Circular Walks in OWLP area – part 2 : Manea

Series of circular walks and ridesLogos

So here it is, the second instalment of the series of circular walks and rides! Following on from Mark’s excellent first blog of the series all about a circular walk in Mepal, this second entry in the series looks at a walk which starts and finishes in Manea.

Manea

Manea is a village which is found at about the half way point along the Landscape Partnership area, and it is a place with a surprising amount of history; for example Charles I had designs to build a new Capital City here (although, it has to be said, it was never built!). Welches Dam, just outside Manea, was also host to another Fenland oddity: The Floating Church, which used to travel the Fenland waterways offering religious services to local communities. It was moored at Welches Dam for two years from 1904. And then there are the fantastic stories surrounding the 19th century utopian Manea Colony.

The Walk

As always with Fenland walks, this one gives you the opportunity to experience the traditional Fen landscape with its massive skies and flat horizons.

Distance 6.3 miles (10.1km); Minimum time 3hrs; Ascent/gradient Negligible; Level of difficulty Medium; Paths Lanes and hard farm tracks; Landscape Wide, flat fields separated by ditches and drainage channels; Suggested map aqua3 OS Explorer 228 March & Ely. (All information and detailed description of the walk can be found on the AA Website from which the map below is taken).

As an alternative at point 3 on the map, you can turn left to take you along the route of the former light railway used to transport earthwork reinforcements to the flood banks of the Old Bedford River. All the details of this walk can be found by following this link to the AA website.

Alternatives

There are several footpaths in and around Manea (as you can see on the map below) so it is quite possible to find your own circular walk. Be warned though, some footpaths marked on the map may be closed for part of the year (during the bird breeding season),

Manea map showing the position of Interpretation Panels.

Manea map showing the position of Interpretation Panels. Source: Cambridgeshire County Council Rural Group

although you should always be able to find an alternative route if you find you are confronted by a shut gate!

A copy of this map is available to download from here.

This map also has marked on it the position of some interpretation panels which will be installed as part of the Manea Community Conservation Project, which is one of the projects of this Landscape Partnership Scheme. (You can see all the partners and link through to their websites on the OWLP Partnership page.) These interpretation panels have been deliberately placed along the route that is taken by the local children between the school and The Pit.

I hope that this blog will inspire some people to take the opportunity to visit Manea and take a stroll through its local countryside. It’s certainly inspired me – keep an eye out for updates to this post with pictures from my trip.

Circular Walks in OWLP area – part 1 : Mepal

LogosOne of the things that came out clearly out of the community consultations we held last year in the parishes of the Ouse Washes Landscape Partnership scheme area was that people would like more information about possible walks in their area.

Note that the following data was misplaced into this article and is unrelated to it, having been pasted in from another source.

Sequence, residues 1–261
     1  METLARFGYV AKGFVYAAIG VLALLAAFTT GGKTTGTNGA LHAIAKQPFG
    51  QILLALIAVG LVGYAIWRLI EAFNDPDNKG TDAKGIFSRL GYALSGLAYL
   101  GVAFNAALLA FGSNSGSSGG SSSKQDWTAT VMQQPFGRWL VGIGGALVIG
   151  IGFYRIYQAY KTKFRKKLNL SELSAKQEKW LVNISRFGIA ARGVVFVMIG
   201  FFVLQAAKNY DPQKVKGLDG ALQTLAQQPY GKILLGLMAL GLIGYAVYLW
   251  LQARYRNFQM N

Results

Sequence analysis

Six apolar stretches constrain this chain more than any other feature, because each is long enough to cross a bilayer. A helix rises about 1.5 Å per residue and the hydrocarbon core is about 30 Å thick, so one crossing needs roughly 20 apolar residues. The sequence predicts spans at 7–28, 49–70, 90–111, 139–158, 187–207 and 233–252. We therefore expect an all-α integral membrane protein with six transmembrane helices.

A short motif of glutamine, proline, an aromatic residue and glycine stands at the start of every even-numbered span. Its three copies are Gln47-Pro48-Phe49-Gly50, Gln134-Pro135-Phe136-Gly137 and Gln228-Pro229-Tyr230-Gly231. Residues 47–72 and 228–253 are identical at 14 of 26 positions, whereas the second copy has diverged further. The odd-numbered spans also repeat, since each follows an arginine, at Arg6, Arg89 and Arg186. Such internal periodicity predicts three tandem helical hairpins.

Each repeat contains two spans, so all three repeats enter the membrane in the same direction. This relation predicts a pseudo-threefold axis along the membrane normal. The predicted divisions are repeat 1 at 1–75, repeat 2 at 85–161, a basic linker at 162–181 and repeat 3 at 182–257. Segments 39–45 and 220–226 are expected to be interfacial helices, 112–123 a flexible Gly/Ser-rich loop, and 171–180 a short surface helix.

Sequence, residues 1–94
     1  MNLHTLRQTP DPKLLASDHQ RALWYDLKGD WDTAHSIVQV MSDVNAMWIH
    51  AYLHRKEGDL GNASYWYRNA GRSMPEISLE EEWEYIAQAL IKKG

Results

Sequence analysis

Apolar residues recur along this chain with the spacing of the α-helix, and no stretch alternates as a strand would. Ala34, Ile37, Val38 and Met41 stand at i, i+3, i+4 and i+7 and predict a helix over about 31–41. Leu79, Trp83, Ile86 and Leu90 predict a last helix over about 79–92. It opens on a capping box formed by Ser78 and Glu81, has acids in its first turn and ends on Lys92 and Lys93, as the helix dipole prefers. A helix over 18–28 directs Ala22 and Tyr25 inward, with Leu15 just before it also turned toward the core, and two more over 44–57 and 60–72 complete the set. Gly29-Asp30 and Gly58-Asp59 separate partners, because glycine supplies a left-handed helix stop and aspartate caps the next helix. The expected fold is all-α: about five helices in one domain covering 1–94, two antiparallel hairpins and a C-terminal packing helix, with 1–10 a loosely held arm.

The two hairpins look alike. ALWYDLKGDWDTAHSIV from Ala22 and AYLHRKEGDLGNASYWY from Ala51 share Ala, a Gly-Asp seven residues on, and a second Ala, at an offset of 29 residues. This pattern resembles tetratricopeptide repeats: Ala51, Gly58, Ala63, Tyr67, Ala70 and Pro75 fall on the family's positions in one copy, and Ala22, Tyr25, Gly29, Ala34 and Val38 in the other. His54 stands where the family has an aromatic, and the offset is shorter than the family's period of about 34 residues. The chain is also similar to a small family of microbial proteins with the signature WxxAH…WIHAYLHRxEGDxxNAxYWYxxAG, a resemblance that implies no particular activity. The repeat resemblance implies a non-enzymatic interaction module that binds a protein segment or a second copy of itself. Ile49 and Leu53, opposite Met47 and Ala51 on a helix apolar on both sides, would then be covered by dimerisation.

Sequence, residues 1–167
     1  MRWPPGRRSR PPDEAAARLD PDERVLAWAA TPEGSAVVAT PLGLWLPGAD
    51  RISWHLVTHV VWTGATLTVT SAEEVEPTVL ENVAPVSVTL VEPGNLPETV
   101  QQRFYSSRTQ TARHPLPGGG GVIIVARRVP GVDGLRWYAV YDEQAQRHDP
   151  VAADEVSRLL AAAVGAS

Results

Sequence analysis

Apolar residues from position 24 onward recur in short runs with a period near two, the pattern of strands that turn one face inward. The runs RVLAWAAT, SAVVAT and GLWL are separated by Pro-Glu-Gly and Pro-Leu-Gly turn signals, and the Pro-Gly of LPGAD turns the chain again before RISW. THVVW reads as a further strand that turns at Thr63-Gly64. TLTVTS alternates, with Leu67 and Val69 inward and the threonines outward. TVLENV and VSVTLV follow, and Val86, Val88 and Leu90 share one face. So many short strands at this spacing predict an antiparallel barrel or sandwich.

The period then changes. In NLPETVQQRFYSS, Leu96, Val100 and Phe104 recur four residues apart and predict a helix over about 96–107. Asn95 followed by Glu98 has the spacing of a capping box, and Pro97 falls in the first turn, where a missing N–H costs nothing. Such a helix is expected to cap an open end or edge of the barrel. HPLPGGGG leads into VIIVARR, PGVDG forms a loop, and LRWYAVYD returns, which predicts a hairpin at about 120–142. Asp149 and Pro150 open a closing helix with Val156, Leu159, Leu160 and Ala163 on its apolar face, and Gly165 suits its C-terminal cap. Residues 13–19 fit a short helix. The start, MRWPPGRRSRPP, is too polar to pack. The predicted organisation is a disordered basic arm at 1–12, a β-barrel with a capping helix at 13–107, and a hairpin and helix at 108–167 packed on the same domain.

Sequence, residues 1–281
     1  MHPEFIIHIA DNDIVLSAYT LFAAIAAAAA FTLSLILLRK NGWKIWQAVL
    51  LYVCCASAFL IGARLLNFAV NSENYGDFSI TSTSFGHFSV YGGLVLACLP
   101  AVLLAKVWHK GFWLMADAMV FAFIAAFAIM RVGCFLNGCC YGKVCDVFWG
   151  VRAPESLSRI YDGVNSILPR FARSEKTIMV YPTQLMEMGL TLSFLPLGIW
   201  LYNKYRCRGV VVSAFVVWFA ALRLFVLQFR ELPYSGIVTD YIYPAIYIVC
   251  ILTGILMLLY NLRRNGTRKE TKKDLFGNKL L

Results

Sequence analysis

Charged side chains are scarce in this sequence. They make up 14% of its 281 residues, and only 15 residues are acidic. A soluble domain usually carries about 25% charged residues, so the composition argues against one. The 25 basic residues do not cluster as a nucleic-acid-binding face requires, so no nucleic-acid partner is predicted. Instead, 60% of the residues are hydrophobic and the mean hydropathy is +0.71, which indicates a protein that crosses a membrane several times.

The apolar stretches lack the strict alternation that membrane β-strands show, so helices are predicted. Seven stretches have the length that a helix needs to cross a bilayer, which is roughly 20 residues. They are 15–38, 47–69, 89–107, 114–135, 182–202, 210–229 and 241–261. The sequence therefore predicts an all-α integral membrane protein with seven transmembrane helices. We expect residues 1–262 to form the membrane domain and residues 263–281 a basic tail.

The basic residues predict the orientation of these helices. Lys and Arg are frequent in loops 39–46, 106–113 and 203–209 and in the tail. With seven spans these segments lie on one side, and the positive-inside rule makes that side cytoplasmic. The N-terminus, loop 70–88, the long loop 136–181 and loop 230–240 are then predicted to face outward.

Access to circular routes: the problem identified

People are especially after circular routes which they can follow, starting from their own village. Although a lack of joined-up rights of way in many parts of the OWLP area has been identified, we have also noticed that part of the problem seems to be the lack of access to the information about existing opportunities to access the countryside. Where this information is available, people also do not always know about its existence: often, existing walking and cycling routes are only available in paper versions or are available online but people are not necessarily aware of their existence.

Our solution

So, we are going to do something about this: over the next months, we aim to publish a series of blog posts advertising existing opportunities for exploring the countryside, be it for walking, cycling, horse-riding, canoeing or boating.

New Picture (21)

Mepal’s circular walk. Source – http://www.visitcambridge.org/dbimgs/MepalWay(1).pdf

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The Three Pickerels Public house along the New Bedford River. Source: http://www.visitcambridge.org/dbimgs/MepalWay(1).pdf

Mepal circular walk: the Ouse Washes, Wildlife and the Gault Hole

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Front page of the Mepal Walk leaflet. Source: http://www.visitcambridge.org/dbimgs/MepalWay(1).pdf

 

A very good example is the route published for a tour through and around the village of Mepal. Even though this leaflet has been available for over a year and hard copies have been distributed in Mepal, not many people know of this very good route. For instance, when I showed several Sutton residents the leaflet nobody had seen it before, even though the route passes very close to the Sutton-Mepal parish boundary.

 

 

 

 

 

 

The leaflet with the Mepal walk can be downloaded here

This leaflet, by the way, together with several other routes published for Cambridgeshire, was funded through a grant distributed through the previous LEADER programme (see previous blog post).

 

Do you know of any good walks in the area?

I have started this series of blog posts to showcase the existing walks and cycle rides in the area – by all means pass on any information to me about other sources of walks or rides, whether published online or not. We are keen to let more people know about the options and get you out and about in this very special landscape!

 

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